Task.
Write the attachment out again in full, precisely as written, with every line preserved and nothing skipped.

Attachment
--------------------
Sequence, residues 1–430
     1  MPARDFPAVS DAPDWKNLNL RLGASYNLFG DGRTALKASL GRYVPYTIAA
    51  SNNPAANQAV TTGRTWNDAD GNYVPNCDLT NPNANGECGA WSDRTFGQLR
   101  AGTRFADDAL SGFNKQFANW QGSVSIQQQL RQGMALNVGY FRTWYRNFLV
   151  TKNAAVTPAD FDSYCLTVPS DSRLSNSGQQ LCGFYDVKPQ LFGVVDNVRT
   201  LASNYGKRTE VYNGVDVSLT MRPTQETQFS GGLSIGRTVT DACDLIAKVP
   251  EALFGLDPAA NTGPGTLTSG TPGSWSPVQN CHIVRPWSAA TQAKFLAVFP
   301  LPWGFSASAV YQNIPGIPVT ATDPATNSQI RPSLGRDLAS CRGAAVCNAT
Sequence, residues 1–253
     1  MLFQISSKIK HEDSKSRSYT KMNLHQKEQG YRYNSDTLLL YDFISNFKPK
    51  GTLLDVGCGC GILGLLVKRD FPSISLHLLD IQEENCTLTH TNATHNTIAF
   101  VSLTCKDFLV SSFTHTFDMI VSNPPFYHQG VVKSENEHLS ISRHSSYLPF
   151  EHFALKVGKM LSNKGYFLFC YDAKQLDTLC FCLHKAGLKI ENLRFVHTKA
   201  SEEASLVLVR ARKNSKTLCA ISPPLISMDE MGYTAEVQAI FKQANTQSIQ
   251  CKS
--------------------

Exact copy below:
Sequence, residues 1–430
     1  MPARDFPAVS DAPDWKNLNL RLGASYNLFG DGRTALKASL GRYVPYTIAA
    51  SNNPAANQAV TTGRTWNDAD GNYVPNCDLT NPNANGECGA WSDRTFGQLR
   101  AGTRFADDAL SGFNKQFANW QGSVSIQQQL RQGMALNVGY FRTWYRNFLV
   151  TKNAAVTPAD FDSYCLTVPS DSRLSNSGQQ LCGFYDVKPQ LFGVVDNVRT
   201  LASNYGKRTE VYNGVDVSLT MRPTQETQFS GGLSIGRTVT DACDLIAKVP
   251  EALFGLDPAA NTGPGTLTSG TPGSWSPVQN CHIVRPWSAA TQAKFLAVFP
   301  LPWGFSASAV YQNIPGIPVT ATDPATNSQI RPSLGRDLAS CRGAAVCNAT
Sequence, residues 1–253
     1  MLFQISSKIK HEDSKSRSYT KMNLHQKEQG YRYNSDTLLL YDFISNFKPK
    51  GTLLDVGCGC GILGLLVKRD FPSISLHLLD IQEENCTLTH TNATHNTIAF
   101  VSLTCKDFLV SSFTHTFDMI VSNPPFYHQG VVKSENEHLS ISRHSSYLPF
   151  EHFALKVGKM LSNKGYFLFC YDAKQLDTLC FCLHKAGLKI ENLRFVHTKA
   201  SEEASLVLVR ARKNSKTLCA ISPPLISMDE MGYTAEVQAI FKQANTQSIQ
   251  CKS